Swedish Research Council grants support for research infrastructures of national interest
The Swedish Research Council (Vetenskapsrådet) has recently announced its decision to provide significant funding for research infrastructures of national interest. Among others, the National Microscopy Infrastructure and the ATLAS and ALICE experiments, both coordinated by KTH and the SCI School, have been approved for funding.
The National Microscopy Infrastructure (NMI)
NMI is a Swedish research infrastructure dedicated to the advancement of microscopy and image analysis in the life sciences. Its primary objective is to provide the life science research community with access to state-of-the-art technology and expertise in microscopy. In addition, NMI plays an important role in promoting national and international knowledge exchange in the field of microscopy, acting as the Swedish node in the European infrastructure known as EuroBioimaging.
Since its establishment in 2016, NMI has received stable funding for its operational needs and the acquisition of critical equipment. This steady support has enabled NMI to host more than 1,000 researchers in more than 1,400 research projects, establishing itself as a strategically important asset for current and future Swedish research activities.
Hjalmar Brismar , Director of NMI, underlines the uniqueness of the facility: "What makes this facility unique is not only the wide range of techniques available but also its status as a national and international flagship laboratory for super-resolution imaging. We are the only laboratory in the Nordic countries that can house all these technologies under one roof. What really distinguishes our unit is not only the state-of-the-art equipment, but also the expert scientists who operate it and provide unparalleled support for the use of these microscopes".
What does the new funding mean for NMI?
"Funding from the Swedish Research Council (VR) to the NMI is intended to support the collaborative use of microscopes and expertise between the universities in Sweden. With this new funding, we will be able to continue this important collaborative work and give researchers from all Swedish and international universities access to unique microscopes and expert support from the NMI staff scientists. The VR funds are used to finance external access to the unique microscopes that the participating universities have invested in. For example, at KTH we have a super-resolution microscopy laboratory (ALM) with unique capabilities for life science research. The NMI pays for a full-time scientist to support users from other universities who use our microscopes. This would not be possible without the support of VR."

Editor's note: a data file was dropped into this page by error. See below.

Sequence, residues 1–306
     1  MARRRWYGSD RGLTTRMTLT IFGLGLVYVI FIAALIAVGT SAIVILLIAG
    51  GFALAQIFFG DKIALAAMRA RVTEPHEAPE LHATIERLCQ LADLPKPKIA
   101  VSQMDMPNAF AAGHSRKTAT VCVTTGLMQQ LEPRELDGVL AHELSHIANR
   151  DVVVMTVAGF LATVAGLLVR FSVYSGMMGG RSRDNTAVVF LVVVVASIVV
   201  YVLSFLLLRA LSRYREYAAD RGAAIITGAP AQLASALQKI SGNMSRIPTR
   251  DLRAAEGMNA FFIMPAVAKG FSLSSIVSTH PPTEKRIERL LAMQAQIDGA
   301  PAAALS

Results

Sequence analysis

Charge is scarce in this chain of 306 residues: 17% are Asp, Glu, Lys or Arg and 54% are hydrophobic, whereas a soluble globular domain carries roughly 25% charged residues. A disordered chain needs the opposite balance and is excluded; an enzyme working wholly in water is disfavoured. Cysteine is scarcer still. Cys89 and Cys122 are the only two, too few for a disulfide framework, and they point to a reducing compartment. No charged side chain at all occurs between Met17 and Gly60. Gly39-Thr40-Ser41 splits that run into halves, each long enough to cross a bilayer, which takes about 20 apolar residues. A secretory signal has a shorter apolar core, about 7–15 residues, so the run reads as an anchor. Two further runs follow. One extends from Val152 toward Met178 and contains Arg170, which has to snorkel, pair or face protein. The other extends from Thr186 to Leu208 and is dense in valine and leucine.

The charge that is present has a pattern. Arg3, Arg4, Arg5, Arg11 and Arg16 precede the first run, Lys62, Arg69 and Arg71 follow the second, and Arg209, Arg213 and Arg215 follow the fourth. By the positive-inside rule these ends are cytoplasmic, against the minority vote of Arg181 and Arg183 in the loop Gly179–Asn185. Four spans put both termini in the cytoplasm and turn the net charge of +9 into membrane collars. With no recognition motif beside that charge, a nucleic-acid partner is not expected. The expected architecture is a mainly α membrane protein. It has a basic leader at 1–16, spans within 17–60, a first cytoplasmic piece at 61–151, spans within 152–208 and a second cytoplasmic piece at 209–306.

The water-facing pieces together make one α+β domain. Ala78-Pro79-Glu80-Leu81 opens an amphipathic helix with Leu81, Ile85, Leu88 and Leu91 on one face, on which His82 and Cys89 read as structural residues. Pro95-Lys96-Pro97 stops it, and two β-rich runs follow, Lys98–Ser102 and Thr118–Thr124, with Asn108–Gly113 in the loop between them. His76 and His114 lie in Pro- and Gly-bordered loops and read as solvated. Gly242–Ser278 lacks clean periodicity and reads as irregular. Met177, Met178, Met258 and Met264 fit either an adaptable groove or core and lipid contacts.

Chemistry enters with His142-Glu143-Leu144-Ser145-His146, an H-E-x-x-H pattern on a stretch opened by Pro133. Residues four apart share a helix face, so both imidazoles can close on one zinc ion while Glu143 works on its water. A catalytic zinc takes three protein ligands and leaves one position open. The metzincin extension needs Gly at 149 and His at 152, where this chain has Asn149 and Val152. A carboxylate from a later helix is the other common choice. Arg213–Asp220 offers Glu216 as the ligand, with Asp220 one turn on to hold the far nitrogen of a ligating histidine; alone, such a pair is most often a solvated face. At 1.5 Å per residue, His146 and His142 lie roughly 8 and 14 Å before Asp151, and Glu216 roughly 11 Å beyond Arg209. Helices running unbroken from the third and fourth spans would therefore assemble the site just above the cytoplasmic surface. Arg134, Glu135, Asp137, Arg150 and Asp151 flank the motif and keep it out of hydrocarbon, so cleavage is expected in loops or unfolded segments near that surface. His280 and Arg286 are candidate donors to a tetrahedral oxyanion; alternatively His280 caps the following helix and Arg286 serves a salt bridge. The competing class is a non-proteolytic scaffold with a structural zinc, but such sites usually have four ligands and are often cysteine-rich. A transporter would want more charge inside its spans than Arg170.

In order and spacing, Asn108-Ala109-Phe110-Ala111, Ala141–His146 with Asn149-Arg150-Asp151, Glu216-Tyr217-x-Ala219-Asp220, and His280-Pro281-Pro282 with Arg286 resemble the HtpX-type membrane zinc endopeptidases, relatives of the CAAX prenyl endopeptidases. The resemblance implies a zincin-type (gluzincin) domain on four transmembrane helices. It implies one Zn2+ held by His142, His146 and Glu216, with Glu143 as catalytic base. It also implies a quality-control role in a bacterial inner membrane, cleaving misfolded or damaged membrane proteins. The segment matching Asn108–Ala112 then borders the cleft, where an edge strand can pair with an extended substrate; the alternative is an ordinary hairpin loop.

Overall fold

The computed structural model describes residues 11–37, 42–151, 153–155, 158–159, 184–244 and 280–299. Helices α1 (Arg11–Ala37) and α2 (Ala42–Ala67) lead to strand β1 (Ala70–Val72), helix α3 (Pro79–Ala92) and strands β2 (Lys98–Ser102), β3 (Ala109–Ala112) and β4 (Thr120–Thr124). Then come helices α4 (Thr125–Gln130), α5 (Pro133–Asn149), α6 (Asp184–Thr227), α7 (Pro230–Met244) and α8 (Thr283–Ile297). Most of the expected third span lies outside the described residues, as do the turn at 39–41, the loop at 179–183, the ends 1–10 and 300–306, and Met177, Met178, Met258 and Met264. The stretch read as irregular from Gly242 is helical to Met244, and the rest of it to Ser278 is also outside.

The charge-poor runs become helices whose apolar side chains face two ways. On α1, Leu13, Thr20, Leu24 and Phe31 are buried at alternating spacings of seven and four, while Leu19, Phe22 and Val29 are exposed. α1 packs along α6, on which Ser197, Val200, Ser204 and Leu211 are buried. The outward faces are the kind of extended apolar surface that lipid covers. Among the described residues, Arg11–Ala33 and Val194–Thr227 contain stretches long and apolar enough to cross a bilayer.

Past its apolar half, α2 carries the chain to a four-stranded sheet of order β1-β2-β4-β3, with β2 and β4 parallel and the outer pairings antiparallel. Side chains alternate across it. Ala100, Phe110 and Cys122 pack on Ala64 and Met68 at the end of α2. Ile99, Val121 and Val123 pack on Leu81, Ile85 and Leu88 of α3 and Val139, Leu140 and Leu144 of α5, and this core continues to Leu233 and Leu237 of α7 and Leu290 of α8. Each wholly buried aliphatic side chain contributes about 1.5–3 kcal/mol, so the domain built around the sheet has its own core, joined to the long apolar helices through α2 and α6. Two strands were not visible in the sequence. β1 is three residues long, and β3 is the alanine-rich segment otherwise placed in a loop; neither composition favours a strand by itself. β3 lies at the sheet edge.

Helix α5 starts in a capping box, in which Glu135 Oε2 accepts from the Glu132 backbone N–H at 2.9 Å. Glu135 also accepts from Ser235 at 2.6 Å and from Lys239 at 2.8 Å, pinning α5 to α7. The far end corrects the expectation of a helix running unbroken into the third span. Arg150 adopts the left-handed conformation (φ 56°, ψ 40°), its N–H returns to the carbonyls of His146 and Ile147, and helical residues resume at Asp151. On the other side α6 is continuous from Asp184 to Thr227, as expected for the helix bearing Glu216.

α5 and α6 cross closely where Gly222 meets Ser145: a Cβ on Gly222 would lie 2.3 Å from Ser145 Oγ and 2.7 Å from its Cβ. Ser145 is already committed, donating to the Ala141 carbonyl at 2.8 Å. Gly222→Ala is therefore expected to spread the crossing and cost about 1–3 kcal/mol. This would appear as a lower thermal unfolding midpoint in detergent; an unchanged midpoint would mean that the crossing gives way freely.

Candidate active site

ATLAS and ALICE
These two experimental projects are dedicated to the study of high-energy proton and ion collisions.
Research in high-energy physics has a rich history spanning nearly seven decades, with accelerators as the main tools. However, the construction of the Large Hadron Collider (LHC) at CERN has propelled the institution to the forefront of global particle physics research. The LHC, unique in its capabilities, is the only infrastructure in the world where Swedish particle physics groups can explore the high-energy frontier.
The ALICE experiment is designed to explore the physics of strongly interacting matter at extreme energy densities, with LHC collisions generating temperatures more than 100,000 times hotter than the center of the Sun. The ATLAS experiment, on the other hand, studies a wide range of physics, from the elusive Higgs boson to particles that could potentially make up dark matter.
Jonas Strandberg , the scientific coordinator of both ATLAS and ALICE, explains the purpose of the funding: "The funding from the Swedish Research Council is intended to support the maintenance and operation of the ALICE and ATLAS infrastructures, as well as the essential data processing infrastructure, following Sweden's commitments."
These projects have facilitated breakthroughs in high-energy particle physics research. What role do KTH and Swedish particle physics groups play in the collaborations?
"KTH researchers are deeply involved in the ATLAS detector and research programme. The physics interests range from precision measurements of the properties of the Higgs boson to the search for new, exotic particles of a supersymmetric nature or related to dark matter. There is also a strong commitment to the construction of a new timing detector to be installed at CERN around 2028. This detector will be able to measure particles with unprecedented precision, which is needed to cope with the increased intensity of the accelerator planned for 2029."
Text: Danai Deligeorgaki, Marta Marko-Tisch